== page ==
Air Force envisioning swarms of tiny, inexpensive, almost disposable drones

Unmanned aircraft would flock together to protect assets, gather information


The Air Force is pondering what it would take to develop a small, low-cost unmanned aircraft that it could fly in swarms to handle a number of applications such as protecting a given area or quickly gathering intelligence.

The idea is in the planning stages as the Air Force only issued a Request For Information this week for what it calls Affordable, Attritable Aircraft concepts.

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From the Air Force: “The thought is to develop an inexpensive, configurable and producible on demand air vehicle. A number of military applications can be envisioned for an air vehicle with such a capability. One potential application is to use hundreds or thousands of such units in a campaign to overwhelm an enemy’s air defenses and “punch a hole” to enable higher value, less replaceable [aircraft] to engage or monitor enemy systems. Another potential application is to augment the capabilities of high-valueIntelligence, surveillance and reconnaissance, systems which may be limited in a specific campaign by distances, quantities, or threats.

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For all applications, the weapon system is expected to be an air vehicle that would return to base or to a separate location to be recovered. However, because of the mission and because of the low cost, the air vehicle would be attritable, meaning the Air Force would expect and could afford to lose many of the assets.”

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The Air Force said in envisions at least two key challenges to developing such a drone: Design and development of an air vehicle capable of significant range and/or endurance while keeping the vehicle at modest size in order to assure affordability. Second is design for commoditization where production costs would be such that small quantities (tens of units) could be procured intermittently, on demand for the same unit cost as hundreds or thousands of units without requiring commitment to a traditional, continuous production run.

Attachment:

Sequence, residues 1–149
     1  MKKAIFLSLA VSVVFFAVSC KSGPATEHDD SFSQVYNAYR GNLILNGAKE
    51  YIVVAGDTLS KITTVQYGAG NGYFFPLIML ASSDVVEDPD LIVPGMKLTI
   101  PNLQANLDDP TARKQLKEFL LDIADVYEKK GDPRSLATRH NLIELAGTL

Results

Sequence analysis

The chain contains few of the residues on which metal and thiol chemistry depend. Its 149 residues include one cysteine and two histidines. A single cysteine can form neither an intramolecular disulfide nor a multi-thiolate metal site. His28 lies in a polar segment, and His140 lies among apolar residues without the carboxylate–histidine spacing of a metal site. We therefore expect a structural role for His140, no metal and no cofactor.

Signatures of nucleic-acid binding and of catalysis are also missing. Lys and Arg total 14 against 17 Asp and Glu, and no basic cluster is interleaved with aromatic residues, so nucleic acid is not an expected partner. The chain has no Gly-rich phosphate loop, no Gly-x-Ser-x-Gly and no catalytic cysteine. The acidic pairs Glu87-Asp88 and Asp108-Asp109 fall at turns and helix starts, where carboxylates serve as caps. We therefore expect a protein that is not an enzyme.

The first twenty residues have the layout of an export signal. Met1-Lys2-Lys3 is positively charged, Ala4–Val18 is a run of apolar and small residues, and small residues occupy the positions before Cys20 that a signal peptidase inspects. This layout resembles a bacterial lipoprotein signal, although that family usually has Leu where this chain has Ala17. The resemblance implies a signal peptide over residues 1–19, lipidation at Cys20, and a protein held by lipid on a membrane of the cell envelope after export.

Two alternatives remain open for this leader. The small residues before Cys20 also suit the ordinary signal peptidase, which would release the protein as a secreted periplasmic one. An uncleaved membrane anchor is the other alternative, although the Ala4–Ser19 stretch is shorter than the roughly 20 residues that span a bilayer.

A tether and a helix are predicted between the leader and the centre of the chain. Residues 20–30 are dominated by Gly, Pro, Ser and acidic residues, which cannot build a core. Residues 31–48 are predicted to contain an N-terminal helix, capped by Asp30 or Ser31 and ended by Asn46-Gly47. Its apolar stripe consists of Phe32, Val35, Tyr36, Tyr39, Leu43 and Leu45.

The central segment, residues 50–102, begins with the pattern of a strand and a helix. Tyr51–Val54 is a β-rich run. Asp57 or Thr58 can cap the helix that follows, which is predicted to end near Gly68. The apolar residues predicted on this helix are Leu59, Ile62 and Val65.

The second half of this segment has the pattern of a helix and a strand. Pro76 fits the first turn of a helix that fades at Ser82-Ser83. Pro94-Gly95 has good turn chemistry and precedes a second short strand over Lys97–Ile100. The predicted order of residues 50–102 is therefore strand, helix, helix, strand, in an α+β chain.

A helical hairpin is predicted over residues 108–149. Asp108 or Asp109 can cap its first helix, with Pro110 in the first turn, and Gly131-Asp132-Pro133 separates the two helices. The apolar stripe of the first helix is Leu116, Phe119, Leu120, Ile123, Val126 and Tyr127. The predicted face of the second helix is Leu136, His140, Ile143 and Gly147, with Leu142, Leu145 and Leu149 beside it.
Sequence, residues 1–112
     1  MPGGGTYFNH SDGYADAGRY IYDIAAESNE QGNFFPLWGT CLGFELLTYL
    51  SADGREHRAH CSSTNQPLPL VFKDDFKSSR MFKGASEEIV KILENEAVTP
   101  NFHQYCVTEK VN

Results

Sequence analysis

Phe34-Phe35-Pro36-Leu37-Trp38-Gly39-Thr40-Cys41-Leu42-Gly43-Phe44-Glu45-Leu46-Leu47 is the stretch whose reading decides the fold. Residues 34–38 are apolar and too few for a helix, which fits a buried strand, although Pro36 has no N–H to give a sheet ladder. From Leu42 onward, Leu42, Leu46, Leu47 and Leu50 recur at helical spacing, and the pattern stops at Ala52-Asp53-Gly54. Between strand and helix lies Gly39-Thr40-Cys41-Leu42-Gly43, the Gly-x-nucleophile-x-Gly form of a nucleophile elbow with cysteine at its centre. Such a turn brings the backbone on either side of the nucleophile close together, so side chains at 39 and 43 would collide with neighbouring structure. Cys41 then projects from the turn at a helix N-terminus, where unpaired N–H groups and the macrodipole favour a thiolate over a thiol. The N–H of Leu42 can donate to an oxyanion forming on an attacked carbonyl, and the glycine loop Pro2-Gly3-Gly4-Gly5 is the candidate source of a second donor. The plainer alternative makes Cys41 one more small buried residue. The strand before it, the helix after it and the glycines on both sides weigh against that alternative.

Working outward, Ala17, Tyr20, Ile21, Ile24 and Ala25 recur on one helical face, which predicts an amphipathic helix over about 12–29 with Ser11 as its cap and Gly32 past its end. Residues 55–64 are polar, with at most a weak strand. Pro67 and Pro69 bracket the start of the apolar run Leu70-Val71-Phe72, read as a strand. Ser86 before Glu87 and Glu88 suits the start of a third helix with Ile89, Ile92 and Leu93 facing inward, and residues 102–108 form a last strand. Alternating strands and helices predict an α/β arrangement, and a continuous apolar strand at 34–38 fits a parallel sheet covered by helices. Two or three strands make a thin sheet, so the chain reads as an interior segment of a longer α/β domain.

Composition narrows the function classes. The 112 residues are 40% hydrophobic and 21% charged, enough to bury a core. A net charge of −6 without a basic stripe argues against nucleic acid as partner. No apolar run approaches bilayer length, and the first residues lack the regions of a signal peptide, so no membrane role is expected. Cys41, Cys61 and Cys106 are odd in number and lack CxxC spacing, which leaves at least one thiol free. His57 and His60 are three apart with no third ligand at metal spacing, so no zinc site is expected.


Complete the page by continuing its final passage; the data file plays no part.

In its RFI, the Air Force asks a number of questions to potential future aircraft developers, including:

  • Are there existing aircraft that can be easily and affordably modified to execute one or more of the [Anti-Access/Area Denial] A2AD missions? Briefly describe the concept and discuss the timeline and associated challenge of getting such a vehicle to fly in 12-18 months.
  • What vehicle concepts are possible if a clean sheet approach is used to meet an A2AD need? Would it be possible to demonstrate such an aircraft in 18-24 months?
  • Can the vehicle be designed and manufactured for the $3M or less cost range? Are there unique aspects of the vehicle concept that would enable a specific mission? If so, what are they and what mission does it enable?
  • What is the anticipated weight and volume of the system?
  • What methods are available to trade system reliability for cost and system reliability for safety? If there are none, what research would you propose to enable these trades?
  • How much can quality be dialed back yet still enable an acceptable mission capable rate?
  • How can traditional aerospace fabrication methods be tailored to this new design and maintenance environment?
  • How can this concept take advantage of open architecture, not just for software, but for hardware (wings, fuselage, engines, avionics, munitions, ISR pods, etc.) to enable unique configurations as required for each individual aircraft?
  • Describe potential missions that could be conducted differently, or enabled entirely, by the envisioned air vehicle along with the specific capabilities of the air vehicle for these missions.
  • Given a specific mission definition, provide estimates of system speed, range and payload type.

The Air Force has at least one tiny drone it is now testing. CyPhy Works is providing the Air Force with a petite drone called the Extreme Access Pocket Flyer. The Air Force awarded the company a contract to develop the drone to bolster search and rescue operations. The Extreme Access Pocket Flyer will address an existing capability gap in the remote inspection of small passageways and tunnels that are often – blocked by debris and rubble.

In related news the Office of Naval Research recently demonstrated how swarms of small, unmanned boats can be used to swarm around a threat or protect a larger boat.

The Navy technology—called CARACaS (Control Architecture for Robotic Agent Command and Sensing)— can be put into a transportable kit and installed on almost any boat. It lets boats operate autonomously, without a Sailor physically needing to be at the controls—including operating in sync with other unmanned vessels; choosing their own routes; swarming to interdict enemy vessels; and escorting/protecting naval assets, the Navy said.

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